Reporting from Washington — In what has been billed as “the largest secular event in world history,” athiests will gather in Washington D.C. today to rally in support of secularism.
The event, known as the Reason Rally, also will feature a collision of estranged family members. Nate Phelps, the atheist son of Westboro Baptist Church Pastor Fred Phelps, will address the crowd as his father’s church pickets the event in protest.
The Westboro Baptist Church of Topeka, Kan., has become infamous for using military funerals as a backdrop to promote an anti-gay, anti-military message. The church believes that the United States is too tolerant of sin and that the death of American soldiers is God’s punishment.
The church was sued by the father of Lance Cpl. Matthew A. Snyder – a Marine killed in Iraq – after it staged a protest at Snyder’s funeral with signs such as “Thank God for dead soldiers” and “God hates fags.” In a controversial ruling last March, the Supreme Court said that the church’s speech was protected and therefore it could not be sued for the offensive protest.
Nate Phelps is one of 13 children of Fred Phelps. A professed atheist, he is among four of Phelps’ children who have defected from the church. When Nate Phelps, who has not had contact with much of his family for decades, learned that the church planned to picket the Reason Rally, he decided to counter the protest by speaking out at the event.
In an interview with the Los Angeles Times, Phelps discussed his childhood, the day he left the church, and his views on religion and free speech.
LAT: What was your religious training like growing up?
Phelps: The actual theology is called Calvinism. And at the centerpiece of Calvinism is this idea of absolute predestination, that God is the one that picks the saved, as opposed to us making that decision for ourselves. And it was, you know, the environment was such that whatever our father defined as the doctrines of the Bible was what we were required to believe. So there really wasn’t any choice in the matter.
I don’t know, I guess that’s probably it, in a thumbnail.
Have you always been an atheist or was it a personal journey that led you to your beliefs?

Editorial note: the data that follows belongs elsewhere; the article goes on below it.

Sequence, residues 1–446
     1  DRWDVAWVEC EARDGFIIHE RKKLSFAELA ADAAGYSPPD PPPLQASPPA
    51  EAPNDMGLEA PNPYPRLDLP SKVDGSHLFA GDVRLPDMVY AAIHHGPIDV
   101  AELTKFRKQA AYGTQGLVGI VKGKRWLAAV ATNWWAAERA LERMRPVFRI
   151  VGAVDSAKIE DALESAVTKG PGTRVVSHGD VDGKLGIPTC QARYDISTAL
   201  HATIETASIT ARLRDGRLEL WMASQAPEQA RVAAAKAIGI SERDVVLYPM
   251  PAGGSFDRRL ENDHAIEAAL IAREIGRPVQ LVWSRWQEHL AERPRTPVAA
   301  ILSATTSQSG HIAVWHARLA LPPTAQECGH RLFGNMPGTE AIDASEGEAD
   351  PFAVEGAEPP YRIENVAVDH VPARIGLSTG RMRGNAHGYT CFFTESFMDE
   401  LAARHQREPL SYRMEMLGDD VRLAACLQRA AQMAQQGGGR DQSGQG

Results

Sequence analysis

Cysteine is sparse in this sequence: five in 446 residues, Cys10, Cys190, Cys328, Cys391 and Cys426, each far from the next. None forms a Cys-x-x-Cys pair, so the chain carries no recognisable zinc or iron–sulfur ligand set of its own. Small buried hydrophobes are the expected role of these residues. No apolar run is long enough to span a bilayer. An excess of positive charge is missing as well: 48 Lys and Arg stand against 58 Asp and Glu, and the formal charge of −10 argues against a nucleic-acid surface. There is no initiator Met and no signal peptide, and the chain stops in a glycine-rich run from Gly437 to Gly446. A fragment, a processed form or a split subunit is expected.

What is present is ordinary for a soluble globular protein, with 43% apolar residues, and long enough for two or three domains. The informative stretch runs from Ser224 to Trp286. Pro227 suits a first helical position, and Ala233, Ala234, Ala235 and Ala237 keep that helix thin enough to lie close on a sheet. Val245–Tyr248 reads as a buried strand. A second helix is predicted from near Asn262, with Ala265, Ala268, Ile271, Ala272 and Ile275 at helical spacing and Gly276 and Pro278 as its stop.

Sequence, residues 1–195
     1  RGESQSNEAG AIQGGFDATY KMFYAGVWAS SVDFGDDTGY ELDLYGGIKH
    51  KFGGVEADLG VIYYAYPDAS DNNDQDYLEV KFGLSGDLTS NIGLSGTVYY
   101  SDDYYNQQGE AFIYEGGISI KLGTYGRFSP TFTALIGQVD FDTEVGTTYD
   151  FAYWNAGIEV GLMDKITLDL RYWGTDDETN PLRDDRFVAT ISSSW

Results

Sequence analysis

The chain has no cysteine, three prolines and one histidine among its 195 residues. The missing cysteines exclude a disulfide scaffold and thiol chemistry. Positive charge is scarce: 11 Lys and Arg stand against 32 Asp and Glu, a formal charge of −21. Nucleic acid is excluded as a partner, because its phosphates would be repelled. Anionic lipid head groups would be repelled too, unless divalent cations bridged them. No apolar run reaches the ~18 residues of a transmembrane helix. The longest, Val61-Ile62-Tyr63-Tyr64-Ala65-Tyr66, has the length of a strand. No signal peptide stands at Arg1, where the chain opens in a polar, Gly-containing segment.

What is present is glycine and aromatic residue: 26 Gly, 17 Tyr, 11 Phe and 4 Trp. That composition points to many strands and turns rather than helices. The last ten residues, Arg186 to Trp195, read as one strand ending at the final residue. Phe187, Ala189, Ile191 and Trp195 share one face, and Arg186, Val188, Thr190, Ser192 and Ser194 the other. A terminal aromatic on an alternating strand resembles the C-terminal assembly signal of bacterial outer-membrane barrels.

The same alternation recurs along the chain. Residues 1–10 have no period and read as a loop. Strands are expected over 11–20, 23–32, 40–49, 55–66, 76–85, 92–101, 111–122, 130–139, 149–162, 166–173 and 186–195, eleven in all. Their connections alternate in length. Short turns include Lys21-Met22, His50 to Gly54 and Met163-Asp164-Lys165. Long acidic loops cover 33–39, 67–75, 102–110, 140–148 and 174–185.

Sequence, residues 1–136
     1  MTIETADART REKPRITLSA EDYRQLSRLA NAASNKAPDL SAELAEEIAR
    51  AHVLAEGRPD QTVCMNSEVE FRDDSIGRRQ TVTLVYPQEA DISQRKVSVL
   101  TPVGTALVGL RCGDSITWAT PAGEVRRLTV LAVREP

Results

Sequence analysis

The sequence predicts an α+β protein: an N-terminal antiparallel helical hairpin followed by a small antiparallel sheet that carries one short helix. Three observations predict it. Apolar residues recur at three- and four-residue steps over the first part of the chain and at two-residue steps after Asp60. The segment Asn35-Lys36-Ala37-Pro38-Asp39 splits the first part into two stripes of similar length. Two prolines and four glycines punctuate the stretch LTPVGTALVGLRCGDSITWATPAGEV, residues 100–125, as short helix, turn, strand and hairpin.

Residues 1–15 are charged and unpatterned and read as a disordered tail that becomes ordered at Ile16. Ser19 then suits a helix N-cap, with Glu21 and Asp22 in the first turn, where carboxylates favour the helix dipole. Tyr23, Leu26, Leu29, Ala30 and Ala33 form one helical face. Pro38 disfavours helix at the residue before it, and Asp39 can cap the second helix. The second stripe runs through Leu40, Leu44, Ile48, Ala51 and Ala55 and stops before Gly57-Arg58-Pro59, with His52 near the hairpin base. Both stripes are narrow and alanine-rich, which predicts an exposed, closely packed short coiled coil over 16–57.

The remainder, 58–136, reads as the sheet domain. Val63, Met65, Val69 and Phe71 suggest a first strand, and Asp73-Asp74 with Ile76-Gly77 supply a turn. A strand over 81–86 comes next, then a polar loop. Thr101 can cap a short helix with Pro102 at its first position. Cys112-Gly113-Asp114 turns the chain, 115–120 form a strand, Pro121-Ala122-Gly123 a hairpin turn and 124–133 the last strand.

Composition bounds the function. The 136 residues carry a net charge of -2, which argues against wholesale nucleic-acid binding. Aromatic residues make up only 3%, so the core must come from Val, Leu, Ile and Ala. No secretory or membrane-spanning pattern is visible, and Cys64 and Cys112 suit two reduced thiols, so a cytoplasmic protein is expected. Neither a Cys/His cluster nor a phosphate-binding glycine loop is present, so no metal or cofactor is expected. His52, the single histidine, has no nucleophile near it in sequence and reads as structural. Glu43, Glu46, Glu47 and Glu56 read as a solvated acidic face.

Well, no, I haven’t always been an atheist. You know, growing up in that environment, atheism was a frightening proposition. And, you know, everything pushed us in the direction of looking for – and I think at the age of 14 or 15, I actually declared myself saved, which was the necessary process for being in that church, and was baptized.
I will say that I always had questions centered around the behavior of my father and the ideas that he espoused there. But it wasn’t until years after I left, and I would say probably only the last five or six years, that I have been willing to finally let go of the idea of a god. So it’s been a journey.
How did you get along with your father as a child? And was he aware of your beliefs, or did you keep it to yourself?
It was not an option to openly discuss any doubts which you might have. It wasn’t safe, physically or otherwise, to even consider such a thing.
So I learned early on to keep my thoughts to myself. And, you know, plus there was a component, you know, we heard regularly that we were just dumb kids and didn’t have any idea what we were talking about. So that played a part in the amount of validity that I gave those thoughts.
As far as the relationship with my father, the best way I could describe it was I was afraid of him from very early on. That never really changed, growing up. But it never got to the point where it was a sense of having a, you know, father like you might imagine that was an educator, a helper, you know, that kind of father figure. So he was always the disciplinarian and a threat in my mind.
When did you leave the church?
I left on the night of my 18th birthday, literally at the stroke of midnight.
I bought an old car, used car from one of the people that worked at the high school, and I packed all my stuff up without anybody knowing about it. And on that night, when everybody was asleep, I went out and got the car and put it in the driveway and loaded the trunk with my boxes and then went back in the house and waited at the bottom of the stairs, watched the clock go up to midnight, and I left.
Where did you go?
The first three nights, I had a friend who was the manager of a gas station near the high school I went to, and he gave me a key to the front door and I slept in the bathroom of the gas station for the first three nights.
And then my brother’s girlfriend’s mother found out about it and she offered me a room in her house. So I went from there and then eventually getting a job and getting my own place.
When did you end up in California?
That was actually like five years later.